And if you want to read a primer on sand used in hydraulic fracturing, check out this piece, which mentions the river down in it.

Coal roundup

The other day I went out looking for boats, but I didn't see any. I figured they were all still waiting in line at Lock 52.

Traffic is down here because coal is down. Here are some coal-related stories that came up in my Twitter feed this morning that may help explain some of that.

The Wall Street Journal looks at the impact of an oversupply in international coal markets on one company in particular. Excerpt:

Like other commodities, the coal market is mired in a glut. In recent months, the oversupply in coal has been exacerbated by rising output from troubled mining companies, which have been able to slash costs. That has dashed hopes for a recovery in prices either this year or next, traders and analysts say, and has put pressure on miners that took on debt to snap up assets when prices were higher.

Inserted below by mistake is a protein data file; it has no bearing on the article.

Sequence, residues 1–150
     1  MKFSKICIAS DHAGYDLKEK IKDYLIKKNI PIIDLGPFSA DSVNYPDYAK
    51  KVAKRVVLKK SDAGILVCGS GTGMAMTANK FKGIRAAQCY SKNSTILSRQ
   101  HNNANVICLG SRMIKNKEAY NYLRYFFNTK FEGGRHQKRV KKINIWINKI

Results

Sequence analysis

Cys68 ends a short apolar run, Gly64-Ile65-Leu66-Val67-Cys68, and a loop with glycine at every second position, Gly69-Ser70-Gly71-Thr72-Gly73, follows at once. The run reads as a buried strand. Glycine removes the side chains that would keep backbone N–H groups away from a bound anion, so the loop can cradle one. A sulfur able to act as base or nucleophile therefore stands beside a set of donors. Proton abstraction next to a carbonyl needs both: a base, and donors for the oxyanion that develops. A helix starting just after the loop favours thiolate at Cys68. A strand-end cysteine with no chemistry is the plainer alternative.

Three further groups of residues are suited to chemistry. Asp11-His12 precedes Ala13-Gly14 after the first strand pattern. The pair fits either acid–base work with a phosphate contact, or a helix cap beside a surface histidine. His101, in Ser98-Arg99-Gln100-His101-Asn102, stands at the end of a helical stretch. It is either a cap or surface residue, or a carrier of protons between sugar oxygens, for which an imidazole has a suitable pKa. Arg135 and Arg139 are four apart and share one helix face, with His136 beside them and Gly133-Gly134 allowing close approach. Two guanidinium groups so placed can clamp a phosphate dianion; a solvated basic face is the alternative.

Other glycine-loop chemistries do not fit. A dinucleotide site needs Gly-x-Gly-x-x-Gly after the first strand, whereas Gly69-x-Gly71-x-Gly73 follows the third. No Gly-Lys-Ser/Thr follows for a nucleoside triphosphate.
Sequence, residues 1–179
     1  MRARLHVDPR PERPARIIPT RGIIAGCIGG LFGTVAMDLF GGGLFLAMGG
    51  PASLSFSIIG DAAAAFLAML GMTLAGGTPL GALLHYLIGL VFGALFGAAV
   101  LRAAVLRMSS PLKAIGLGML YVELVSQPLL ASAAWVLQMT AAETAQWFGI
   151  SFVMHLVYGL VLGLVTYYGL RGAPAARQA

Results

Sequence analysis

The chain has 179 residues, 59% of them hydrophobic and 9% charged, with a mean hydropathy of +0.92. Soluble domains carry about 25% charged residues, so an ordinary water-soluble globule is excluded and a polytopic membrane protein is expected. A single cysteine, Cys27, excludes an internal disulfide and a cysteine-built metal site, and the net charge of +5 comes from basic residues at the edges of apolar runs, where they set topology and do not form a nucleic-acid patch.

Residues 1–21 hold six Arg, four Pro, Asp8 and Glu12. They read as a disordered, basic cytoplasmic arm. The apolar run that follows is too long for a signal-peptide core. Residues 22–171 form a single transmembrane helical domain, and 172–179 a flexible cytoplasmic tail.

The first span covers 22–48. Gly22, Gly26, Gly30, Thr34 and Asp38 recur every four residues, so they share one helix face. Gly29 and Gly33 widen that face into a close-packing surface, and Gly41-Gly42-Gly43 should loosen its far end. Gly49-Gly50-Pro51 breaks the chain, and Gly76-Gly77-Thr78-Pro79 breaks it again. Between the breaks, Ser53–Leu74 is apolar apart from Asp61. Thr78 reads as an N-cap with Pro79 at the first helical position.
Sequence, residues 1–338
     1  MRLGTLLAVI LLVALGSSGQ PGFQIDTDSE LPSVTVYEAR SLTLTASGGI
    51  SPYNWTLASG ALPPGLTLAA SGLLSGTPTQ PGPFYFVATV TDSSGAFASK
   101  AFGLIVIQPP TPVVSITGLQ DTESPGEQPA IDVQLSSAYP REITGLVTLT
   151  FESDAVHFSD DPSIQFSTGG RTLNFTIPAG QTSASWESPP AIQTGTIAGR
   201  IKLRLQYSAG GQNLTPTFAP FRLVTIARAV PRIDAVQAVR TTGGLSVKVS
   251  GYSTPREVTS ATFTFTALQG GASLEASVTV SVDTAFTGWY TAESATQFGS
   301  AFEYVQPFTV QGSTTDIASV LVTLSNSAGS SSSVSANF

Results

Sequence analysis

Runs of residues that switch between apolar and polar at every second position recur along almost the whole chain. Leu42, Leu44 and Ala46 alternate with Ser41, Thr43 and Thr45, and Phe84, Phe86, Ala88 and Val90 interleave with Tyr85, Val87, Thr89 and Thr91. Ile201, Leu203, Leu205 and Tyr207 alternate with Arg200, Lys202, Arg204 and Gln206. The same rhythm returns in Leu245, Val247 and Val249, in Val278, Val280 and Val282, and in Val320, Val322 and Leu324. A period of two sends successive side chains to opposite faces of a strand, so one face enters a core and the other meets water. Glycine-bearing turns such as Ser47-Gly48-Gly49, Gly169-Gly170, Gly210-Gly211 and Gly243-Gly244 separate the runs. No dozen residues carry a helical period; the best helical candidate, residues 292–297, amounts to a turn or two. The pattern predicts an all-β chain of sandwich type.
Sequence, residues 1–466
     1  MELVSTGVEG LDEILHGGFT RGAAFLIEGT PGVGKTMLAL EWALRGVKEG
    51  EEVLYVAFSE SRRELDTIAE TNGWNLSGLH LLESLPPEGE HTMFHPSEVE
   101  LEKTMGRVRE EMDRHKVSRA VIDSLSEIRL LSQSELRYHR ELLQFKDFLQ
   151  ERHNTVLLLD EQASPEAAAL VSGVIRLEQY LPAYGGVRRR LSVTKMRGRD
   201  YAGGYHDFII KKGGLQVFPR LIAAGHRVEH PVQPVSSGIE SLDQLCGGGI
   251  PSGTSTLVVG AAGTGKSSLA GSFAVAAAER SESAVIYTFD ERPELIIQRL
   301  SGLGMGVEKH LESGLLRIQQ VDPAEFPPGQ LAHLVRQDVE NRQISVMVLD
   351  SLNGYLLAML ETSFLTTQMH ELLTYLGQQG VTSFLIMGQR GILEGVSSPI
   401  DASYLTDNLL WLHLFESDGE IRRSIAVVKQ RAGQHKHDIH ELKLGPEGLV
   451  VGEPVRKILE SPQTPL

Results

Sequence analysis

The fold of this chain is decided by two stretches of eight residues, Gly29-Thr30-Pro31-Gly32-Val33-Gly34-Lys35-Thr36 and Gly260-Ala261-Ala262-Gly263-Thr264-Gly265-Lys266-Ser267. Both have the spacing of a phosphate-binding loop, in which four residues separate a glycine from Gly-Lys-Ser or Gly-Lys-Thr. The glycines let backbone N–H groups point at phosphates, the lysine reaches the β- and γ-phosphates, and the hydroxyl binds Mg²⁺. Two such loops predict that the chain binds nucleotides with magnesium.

Then there are a couple of articles from SNL Financial. First up is a look at how the retirement of a number of coal-fired power plants is affecting specific mines.

In 2014, the coal sector sold 3.7 million tons of coal to power plants that are now slated for closure by the end of this year. In total, about 5% of 2014 coal deliveries went to plants that are now expected to shut down in 2015. More U.S. coal buyers are slated to come offline every year through 2020.

I did a much, much shorter analysis a week or so ago.

Increased use of low-cost natural gas, clean air regulations and other factors have led to a 25 percent decrease in the use of bituminous coal in U.S. power plants in the past five years.

This is more long-term, but the EPA has issued a new rule that eliminates the discharge of certain metals in wastewater from power plants. You can figure it will affect coal-burning plants a lot more than those that burn gas.

The final rule is the first nationally applicable limit on the amount of toxic metals and other harmful pollutants that steam power plants are allowed to discharge, and is the first update to the effluent guidelines in over 30 years. The rule targets coal- and natural gas-fired, nuclear and other power plants that use steam.
I'm guessing we'll hear more about the impact of this rule when utilities such as AEP, FirstEnergy and Duke release their third-quarter earnings reports over the next six weeks.